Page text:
Allergic rhinitis update (Review/Guideline, Lancet) - PulmCCM
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Feb 092012
 

Allergic rhinitis is mostly just an annoyance for 400 million people worldwide, but the condition can predispose to frequent upper respiratory infections, and worsen asthma; Alexander Greiner et al tell you what you need to know in this review in Lancet.

  • Incidence peaks in the teenage years.
  • The nasal inflammation of allergic rhinitis synergizes with inflammation from infections, so people with allergic rhinitis get more colds, which may be more severe or prolonged.
  • Moderate-to-severe allergic rhinitis is associated with poor asthma control; rhinitis should be treated in people with asthma (a high proportion of whom have allergic rhinitis).
  • The Allergic Rhinitis and its Impact on Asthma 2008 guideline can help guide treatment, but like most such guidelines, it’s 160 pages long and too cumbersome to access routinely.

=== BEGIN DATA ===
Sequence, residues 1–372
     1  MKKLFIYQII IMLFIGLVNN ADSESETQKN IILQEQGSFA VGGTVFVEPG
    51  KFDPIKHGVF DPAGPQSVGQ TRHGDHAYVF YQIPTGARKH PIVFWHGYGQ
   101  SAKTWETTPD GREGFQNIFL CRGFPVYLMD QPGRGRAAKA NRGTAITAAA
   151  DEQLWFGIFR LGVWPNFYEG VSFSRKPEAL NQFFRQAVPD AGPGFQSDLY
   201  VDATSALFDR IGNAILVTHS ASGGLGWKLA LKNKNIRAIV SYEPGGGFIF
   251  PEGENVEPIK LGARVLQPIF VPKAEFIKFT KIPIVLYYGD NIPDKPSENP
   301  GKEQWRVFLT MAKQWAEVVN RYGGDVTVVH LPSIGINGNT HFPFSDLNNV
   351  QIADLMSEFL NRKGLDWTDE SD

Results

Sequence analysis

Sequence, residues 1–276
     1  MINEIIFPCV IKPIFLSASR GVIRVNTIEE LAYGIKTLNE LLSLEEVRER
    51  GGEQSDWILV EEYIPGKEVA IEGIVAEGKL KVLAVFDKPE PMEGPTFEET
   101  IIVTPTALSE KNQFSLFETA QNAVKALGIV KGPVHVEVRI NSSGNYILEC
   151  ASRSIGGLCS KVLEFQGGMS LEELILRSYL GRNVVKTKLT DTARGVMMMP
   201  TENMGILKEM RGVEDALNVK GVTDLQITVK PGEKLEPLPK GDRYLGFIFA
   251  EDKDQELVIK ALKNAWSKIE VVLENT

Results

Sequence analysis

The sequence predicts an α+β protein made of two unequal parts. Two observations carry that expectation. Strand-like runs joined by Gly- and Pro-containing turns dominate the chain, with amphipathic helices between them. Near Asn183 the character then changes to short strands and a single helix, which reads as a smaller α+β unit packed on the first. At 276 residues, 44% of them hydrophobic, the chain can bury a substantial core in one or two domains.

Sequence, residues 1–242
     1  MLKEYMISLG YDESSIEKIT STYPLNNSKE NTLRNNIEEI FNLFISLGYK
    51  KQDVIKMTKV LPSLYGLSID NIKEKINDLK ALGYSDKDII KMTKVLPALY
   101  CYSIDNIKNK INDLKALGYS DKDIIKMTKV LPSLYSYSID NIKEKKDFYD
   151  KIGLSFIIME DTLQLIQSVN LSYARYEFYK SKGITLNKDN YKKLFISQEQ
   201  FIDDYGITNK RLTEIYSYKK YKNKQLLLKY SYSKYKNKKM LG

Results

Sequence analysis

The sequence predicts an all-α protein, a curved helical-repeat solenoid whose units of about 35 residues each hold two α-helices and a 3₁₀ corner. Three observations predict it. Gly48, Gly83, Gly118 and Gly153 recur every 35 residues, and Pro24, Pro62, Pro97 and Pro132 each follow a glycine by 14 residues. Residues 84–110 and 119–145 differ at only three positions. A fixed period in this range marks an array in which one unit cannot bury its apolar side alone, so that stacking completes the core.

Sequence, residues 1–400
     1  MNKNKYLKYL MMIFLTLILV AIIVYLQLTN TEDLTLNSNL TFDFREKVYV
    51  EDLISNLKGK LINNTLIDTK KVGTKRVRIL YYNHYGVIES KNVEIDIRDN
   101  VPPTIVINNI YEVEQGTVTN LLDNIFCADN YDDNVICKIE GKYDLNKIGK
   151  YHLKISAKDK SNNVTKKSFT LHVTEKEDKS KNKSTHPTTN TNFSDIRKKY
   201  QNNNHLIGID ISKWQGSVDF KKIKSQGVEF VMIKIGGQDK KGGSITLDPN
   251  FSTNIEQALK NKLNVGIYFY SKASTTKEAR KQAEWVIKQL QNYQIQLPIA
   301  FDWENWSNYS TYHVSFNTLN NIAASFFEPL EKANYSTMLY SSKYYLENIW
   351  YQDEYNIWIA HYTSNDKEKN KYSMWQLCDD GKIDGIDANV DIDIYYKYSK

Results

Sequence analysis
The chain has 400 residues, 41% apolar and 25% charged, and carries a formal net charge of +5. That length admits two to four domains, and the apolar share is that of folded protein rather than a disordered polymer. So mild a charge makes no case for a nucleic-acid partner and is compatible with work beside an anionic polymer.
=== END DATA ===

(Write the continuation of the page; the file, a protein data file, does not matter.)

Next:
These authors advise that skin testing or serum testing identifying allergen-specific IgE are necessary to make the diagnosis of allergic rhinitis. This sounds costly and infeasible for a condition affecting 400 million people, but I can’t back that up with a formal analysis.

Nasal-specific IgE production, a process called entopy, may occur and be missed by standard allergen testing such as skin testing or serum (RAST) testing.

Churg-Strauss, Wegener’s granulomatosis, and sarcoidosis can mimic allergic rhinitis or coexist with it, although of course they’re far more rare.

For treatment of allergic rhinitis:

  • For mild disease, authors recommend only oral or topical non-sedating antihistamines.
  • For moderate-to-severe allergic rhinitis, intranasal corticosteroids are the most effective treatment. Interestingly, intranasal steroids have not yet been shown to improve asthma in people with coexisting allergic rhinitis in prospective studies.
  • Immunotherapy is also effective, and may prevent the development of asthma in children. However, immunotherapy carries about 1 in 1,000 risk of anaphylactoid reactions. Therefore, immunotherapy should be reserved for those whose symptoms are predominantly due to one allergen on allergy testing.

Other established focused treatments include:

  • Nasal iptratropium for watery rhinorrhea
  • Leukotriene inhibitors for asthmatics with cough
  • Surgical referral for those with refractory allergic rhinitis, who may have chronic infection or a structural problem (blockage).

Greiner AN et al. Allergic rhinitis. Seminar. Lancet 2011;378:2112-2122.

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